1) London is the place to be.
2) London is the place to be in.
3) London is the city to be.
4) London is the city to be in.
Of the first pair, #1 is by far the more natural. (#2, although theoretically grammatical, is only marginally acceptable.)
Of the second pair, only #4 is fully acceptable. Again, despite theoretical possibility, most speakers would reject #3.
As to the reason...
It revolves essentially around the kind of noun that can stand as the antecedent of the relative adverb 'that', to determine which we have to reconstruct canonical (putative original) forms such as the following:
 This is the place (that) I was born.
This is an acceptable, albeit informally constructed, sentence, where 'that' - more typically ellipted - functions as a relative adverb of place (i.e. meaning 'in/at which'), whose only normally possible antecedent is the noun 'place', so that, in contrast,
 *This is the city (that) I was born.
is not possible.
And these same factors tend to influence the acceptability of adnominal infinitive phrases such as those of your original sentences: the acceptability of  accounts for that of #1, while the unacceptability of  accounts for that of #3.
A couple of additional observations:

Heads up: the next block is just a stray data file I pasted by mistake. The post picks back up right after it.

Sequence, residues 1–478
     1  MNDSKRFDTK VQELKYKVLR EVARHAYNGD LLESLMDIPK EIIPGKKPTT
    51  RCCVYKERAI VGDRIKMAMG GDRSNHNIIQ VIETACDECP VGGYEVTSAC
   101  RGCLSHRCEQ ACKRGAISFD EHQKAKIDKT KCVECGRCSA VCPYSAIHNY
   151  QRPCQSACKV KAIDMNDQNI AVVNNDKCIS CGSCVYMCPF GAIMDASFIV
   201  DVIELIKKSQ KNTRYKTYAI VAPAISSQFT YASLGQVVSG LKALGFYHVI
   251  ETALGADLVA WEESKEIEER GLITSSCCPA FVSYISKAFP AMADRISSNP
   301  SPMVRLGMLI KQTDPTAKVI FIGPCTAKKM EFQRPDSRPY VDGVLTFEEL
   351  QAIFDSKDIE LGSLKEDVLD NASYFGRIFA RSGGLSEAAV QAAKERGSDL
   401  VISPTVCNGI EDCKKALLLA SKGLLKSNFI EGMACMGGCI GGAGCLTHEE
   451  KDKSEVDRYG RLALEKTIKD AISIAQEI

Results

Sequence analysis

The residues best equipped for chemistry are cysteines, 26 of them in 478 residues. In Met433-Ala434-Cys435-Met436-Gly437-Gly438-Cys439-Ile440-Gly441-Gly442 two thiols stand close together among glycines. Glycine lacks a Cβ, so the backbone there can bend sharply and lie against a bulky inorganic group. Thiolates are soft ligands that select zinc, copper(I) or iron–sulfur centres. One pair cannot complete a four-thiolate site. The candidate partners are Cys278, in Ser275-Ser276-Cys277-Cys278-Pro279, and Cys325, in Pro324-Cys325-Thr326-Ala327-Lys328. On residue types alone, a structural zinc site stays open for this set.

1. #3 is theoretically possible as a sentence, but only as one in which 'place' stands directly in a subject-complement relation to 'London', i.e. where the overall meaning is, not sensible
London is the place in which one should be.
!London is the place which one should be.
The concept of recommending that someone should/could actually become a city - let alone a particular one - runs so inherently contrary to sense that most speakers would not consider the sentence usable under any set of circumstances, hence, to all practical intents and purposes, unacceptable.
2. The strangeness/infelicitousness of #2 is not easy to account for, as, being structurally analogous to a wide range of possible, natural sentences, e.g.
 A spoon is a thing to eat with.
 Bears are animals to be wary of.
 This is a problem to think about.
, it certainly does not offend against any general rule of syntax.
However, in  - , we note that the final preposition is obligatory to avoid the production of a sentence that is either ungrammatical or semantically absurd, while, as already established, quite the reverse applies to #2. The idiomatic tendency in such cases would thus seem to be: omit a deferred preposition where it is possible to do so without prejudice to either structure or sense.
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